By Alex Lawler
LONDON (Reuters) -Oil rose on Monday as U.S. recession fears eased and some traders took the view that crude’s recent price slide, registering three straight weekly declines for the first time since November, was overdone.
A healthy U.S. jobs report for April helped oil to climb by about 4% on Friday even though labour market strength could compel the Federal Reserve to keep interest rates higher for longer.
Brent crude was up $1.41, or 1.9%, at $76.71 a barrel by 1000 GMT. U.S. West Texas Intermediate (WTI) crude gained $1.50, or 2.1%, to $72.84.
“Oil’s rebound follows energy stocks’ comeback on Wall Street last Friday after the U.S. reported strong job data, which eased concerns about an imminent economic recession,” said CMC Markets analyst Tina Teng.
Brent had finished last week with a decline of about 5.3% while U.S. crude plunged by 7.1% even after Friday’s rebound. Both benchmarks were down for three weeks in a row for the first time since November.
Ole Hansen, head of commodity strategy at Saxo Bank, said oil’s recent drop looked excessive.
“An oversold market condition combined with Brent managing to find support ahead of the March low forced recently established short sellers to seek cover, potentially highlighting that the recent sell-off was overdone,” he said.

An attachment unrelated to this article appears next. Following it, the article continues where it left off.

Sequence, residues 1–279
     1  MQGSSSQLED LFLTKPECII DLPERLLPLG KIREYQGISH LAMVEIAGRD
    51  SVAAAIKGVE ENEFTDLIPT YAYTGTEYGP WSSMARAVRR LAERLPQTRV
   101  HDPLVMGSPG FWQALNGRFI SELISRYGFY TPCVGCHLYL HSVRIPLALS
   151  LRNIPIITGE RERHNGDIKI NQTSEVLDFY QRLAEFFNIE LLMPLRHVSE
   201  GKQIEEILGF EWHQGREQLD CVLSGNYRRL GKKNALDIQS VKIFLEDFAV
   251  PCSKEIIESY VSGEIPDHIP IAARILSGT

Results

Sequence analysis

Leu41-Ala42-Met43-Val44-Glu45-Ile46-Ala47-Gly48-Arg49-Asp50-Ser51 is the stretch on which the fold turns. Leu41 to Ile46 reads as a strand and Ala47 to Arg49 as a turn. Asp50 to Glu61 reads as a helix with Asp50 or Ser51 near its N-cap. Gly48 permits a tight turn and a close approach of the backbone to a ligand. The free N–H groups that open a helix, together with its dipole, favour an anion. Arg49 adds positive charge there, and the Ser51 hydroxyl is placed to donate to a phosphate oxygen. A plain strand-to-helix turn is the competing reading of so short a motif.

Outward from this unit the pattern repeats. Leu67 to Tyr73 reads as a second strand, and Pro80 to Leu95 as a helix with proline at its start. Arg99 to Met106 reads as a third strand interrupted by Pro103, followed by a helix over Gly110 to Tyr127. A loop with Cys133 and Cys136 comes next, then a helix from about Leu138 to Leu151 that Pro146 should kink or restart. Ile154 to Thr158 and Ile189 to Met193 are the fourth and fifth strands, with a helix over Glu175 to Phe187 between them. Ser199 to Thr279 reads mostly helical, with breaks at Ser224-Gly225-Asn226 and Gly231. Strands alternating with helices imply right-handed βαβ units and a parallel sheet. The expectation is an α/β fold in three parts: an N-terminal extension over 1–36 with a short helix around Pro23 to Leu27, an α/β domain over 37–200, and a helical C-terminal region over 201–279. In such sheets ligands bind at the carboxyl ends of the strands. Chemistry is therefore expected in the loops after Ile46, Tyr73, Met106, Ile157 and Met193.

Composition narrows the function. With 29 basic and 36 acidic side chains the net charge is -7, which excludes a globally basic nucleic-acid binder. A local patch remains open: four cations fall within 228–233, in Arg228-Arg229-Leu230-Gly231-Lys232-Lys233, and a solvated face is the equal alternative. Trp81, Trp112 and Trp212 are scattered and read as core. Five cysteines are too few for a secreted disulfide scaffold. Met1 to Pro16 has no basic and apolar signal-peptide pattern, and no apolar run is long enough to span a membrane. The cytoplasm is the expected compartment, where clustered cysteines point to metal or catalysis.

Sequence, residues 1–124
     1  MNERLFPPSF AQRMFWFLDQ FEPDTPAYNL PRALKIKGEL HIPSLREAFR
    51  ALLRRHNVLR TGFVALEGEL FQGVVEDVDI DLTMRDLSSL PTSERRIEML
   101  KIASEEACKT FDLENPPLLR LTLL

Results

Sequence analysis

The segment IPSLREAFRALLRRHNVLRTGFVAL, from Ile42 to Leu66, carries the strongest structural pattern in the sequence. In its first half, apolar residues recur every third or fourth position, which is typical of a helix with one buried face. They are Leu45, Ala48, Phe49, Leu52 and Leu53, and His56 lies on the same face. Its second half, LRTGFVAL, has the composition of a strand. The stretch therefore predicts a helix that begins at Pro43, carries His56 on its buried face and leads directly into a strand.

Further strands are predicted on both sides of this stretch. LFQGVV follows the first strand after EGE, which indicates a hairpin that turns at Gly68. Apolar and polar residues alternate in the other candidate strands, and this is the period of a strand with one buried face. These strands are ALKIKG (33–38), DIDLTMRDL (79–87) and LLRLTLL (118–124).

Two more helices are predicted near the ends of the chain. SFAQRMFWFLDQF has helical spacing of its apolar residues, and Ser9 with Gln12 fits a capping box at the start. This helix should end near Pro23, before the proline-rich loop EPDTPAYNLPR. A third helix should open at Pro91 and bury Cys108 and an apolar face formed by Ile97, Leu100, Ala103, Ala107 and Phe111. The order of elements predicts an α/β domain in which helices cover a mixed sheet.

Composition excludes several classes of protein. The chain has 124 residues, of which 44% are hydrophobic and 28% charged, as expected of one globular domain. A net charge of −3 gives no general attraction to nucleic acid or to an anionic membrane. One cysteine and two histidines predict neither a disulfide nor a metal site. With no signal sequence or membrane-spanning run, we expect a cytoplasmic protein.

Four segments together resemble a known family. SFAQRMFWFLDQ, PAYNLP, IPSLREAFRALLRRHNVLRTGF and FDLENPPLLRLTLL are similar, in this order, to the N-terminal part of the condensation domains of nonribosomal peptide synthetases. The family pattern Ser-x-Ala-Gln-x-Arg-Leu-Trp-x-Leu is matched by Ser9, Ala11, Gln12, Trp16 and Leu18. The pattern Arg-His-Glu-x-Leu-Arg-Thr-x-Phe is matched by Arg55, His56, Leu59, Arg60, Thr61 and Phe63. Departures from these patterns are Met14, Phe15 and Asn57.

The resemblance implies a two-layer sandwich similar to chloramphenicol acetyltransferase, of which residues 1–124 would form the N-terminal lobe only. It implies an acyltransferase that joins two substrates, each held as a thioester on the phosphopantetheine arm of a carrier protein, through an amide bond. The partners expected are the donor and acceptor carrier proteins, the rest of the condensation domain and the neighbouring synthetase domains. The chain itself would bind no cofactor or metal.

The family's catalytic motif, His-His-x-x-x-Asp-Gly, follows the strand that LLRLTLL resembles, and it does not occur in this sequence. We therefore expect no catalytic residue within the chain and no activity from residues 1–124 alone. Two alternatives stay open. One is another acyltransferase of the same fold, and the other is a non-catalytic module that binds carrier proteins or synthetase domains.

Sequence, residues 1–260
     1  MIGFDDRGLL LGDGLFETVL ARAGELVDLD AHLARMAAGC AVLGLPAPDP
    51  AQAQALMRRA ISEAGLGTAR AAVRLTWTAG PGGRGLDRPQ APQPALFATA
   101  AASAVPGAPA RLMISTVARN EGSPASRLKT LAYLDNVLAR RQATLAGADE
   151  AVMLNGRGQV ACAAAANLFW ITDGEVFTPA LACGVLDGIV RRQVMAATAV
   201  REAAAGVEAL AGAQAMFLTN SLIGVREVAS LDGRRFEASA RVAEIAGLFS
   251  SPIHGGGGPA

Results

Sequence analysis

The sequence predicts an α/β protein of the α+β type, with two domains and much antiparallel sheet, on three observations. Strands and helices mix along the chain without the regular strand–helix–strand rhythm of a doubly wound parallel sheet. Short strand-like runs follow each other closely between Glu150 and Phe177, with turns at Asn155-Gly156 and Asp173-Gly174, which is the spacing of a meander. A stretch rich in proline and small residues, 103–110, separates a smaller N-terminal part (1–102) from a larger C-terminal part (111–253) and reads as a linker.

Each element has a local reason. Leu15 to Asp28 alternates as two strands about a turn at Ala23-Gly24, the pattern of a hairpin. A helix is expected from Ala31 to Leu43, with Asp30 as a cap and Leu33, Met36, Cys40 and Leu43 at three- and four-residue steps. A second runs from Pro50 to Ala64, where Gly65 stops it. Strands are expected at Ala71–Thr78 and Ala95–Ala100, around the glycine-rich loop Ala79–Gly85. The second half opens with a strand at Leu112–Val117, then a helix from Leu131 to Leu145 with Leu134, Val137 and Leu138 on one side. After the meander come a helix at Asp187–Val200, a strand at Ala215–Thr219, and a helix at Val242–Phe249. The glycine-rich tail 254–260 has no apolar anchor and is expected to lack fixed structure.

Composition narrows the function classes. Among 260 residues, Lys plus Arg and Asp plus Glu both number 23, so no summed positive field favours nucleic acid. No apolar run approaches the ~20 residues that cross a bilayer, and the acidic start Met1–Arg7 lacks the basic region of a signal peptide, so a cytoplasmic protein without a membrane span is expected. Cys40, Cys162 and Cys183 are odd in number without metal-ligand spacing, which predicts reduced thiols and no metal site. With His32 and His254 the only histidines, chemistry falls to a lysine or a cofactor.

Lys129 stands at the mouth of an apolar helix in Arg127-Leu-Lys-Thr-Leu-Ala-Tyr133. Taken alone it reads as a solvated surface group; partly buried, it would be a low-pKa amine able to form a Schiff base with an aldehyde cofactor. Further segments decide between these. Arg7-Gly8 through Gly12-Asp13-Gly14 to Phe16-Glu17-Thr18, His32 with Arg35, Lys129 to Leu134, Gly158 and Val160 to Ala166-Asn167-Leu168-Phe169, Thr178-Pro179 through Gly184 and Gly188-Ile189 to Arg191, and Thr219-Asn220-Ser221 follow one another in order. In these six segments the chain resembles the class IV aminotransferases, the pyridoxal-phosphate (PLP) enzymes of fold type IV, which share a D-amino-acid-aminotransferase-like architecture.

Goldman Sachs analysts on Saturday said that concerns over near-term demand and elevated supplies were “overblown”.
A round of voluntary output cuts by some members of the Organization of the Petroleum Exporting Countries (OPEC) and allies, together called OPEC+, begin this month and the group holds its next meeting on June 4.
Before then, U.S. consumer price inflation figures for April will be in focus on Wednesday, potentially influencing the Fed’s stance on future interest rate decisions.
OPEC’s latest monthly oil market report is due on Thursday, providing an updated reading on the demand and supply outlook.
(Reporting by Alex LawlerAdditional reporting by Sudarshan VaradhanEditing by David Goodman)